Last week I was browsing my old backup hard drive and I found a source code for a very simple PIC based digital timer that I made a couple of years ago. The actual hardware of the project isn’t with me anymore. I might have lost it when I moved from my old apartment into my new home. However, I thought this might be a good practice project for beginners and so I am sharing it here. I am not going to build it from scratch again; I will rather demonstrate it using my DIY PIC16F628A breadboard module and I/O board. The complete circuit diagram along with the firmware developed using mikroC Pro for PIC compiler is provided in the article.
00 to 99 minute timer using PIC16F628A microcontroller - [Link]
Graphic solutions from 4D Systems are the proof, that a powerful graphic interface doesn´t have to mean big expenses and a long development time. So, give your applications the 4-th dimension!
Australian company 4D Systems, whose products we added into our offer, specialises in graphic solutions, which are very user-friendly and require a relatively small developing effort in order to reach very decent results.
Basis of 4D Systems graphic solutions represent two powerful chips – Goldelox and Picaso. Chips contain graphic processor, memory and interface for common LCD and OLED displays, and – depending on the type – also a support for a touch panel. Graphic chips and modules with these chips represent a powerful and user friendly platform for creation of graphic interface to a wide range of devices.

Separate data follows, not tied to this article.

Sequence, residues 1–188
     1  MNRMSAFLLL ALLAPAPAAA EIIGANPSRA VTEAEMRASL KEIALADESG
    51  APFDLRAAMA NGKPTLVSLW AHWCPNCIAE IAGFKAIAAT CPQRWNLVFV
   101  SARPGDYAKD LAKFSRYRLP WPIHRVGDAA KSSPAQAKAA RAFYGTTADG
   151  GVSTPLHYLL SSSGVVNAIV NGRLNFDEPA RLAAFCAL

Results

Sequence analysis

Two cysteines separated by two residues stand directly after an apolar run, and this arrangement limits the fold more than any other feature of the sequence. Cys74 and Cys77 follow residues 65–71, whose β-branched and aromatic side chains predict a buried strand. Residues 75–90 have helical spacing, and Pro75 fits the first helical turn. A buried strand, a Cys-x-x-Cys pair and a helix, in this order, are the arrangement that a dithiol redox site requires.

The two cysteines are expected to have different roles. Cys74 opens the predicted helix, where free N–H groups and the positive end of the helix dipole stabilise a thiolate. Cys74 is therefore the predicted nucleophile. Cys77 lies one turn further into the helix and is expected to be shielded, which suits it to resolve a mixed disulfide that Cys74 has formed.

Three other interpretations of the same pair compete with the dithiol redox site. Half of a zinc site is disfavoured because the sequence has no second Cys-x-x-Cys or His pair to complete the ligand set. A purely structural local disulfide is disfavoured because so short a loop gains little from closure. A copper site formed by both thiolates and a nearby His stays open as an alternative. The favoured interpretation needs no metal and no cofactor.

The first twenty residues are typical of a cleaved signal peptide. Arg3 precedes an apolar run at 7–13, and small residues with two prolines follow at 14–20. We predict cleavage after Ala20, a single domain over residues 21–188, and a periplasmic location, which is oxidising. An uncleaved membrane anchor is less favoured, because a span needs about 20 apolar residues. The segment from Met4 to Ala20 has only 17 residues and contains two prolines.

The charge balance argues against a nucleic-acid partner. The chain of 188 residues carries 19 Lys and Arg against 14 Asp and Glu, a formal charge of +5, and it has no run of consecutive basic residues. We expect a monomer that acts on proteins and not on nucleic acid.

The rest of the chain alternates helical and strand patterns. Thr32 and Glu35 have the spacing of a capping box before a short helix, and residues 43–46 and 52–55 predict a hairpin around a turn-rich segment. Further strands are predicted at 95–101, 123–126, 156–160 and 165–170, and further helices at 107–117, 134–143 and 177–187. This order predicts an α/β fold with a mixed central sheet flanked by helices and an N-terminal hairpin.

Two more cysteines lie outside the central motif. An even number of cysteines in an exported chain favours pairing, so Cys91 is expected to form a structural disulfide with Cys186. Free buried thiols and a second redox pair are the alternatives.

A common feature of both chips is, that they can be reconfigured into a slave graphic chip mode with a serial interface – SGC (slave graphics controller) – – for a work with the host microcontroller, or into a stand-alone graphic processor mode – GFX (stand alone host graphics controller). It is possible to change these chip features anytime by a simple reloading of free configuration file.
Goldelox – is a low cost chip supporting a powerful graphics, text, pictures, animations, macros and other. It can be used with a simple serial interface for a work with a microcontroller (SGC version) or as a stand-alone graphic processor (GFX version). It can work with many usual series „80“ LCD and OLED displays, with 8 bit interface. Chip can generate a sound, supports SD cards through SPI interface and many other. Read the rest of this entry »
ColorNode » DigitalMisery.com – [via]
ColorNode is a wireless Arduino-compatible microcontroller board designed to replace the stock controller board on GE Color Effects light strings.
ColorNode was inspired by the original controller protocol reverse-engineering effort featured here: Hacking Christmas Lights. That work enabled simple control of each individual bulb of these light strings using just one pin on a microcontroller. The stock controller works nice and the patterns are good, however being able to have full control of the color and brightness of each bulb unlocks the potential for awesome holiday light displays. Hacking these lights is also relatively inexpensive, compared to using other addressable strings or light sequencers on the market.
ColorNode – OSHW LED string controllers - [Link]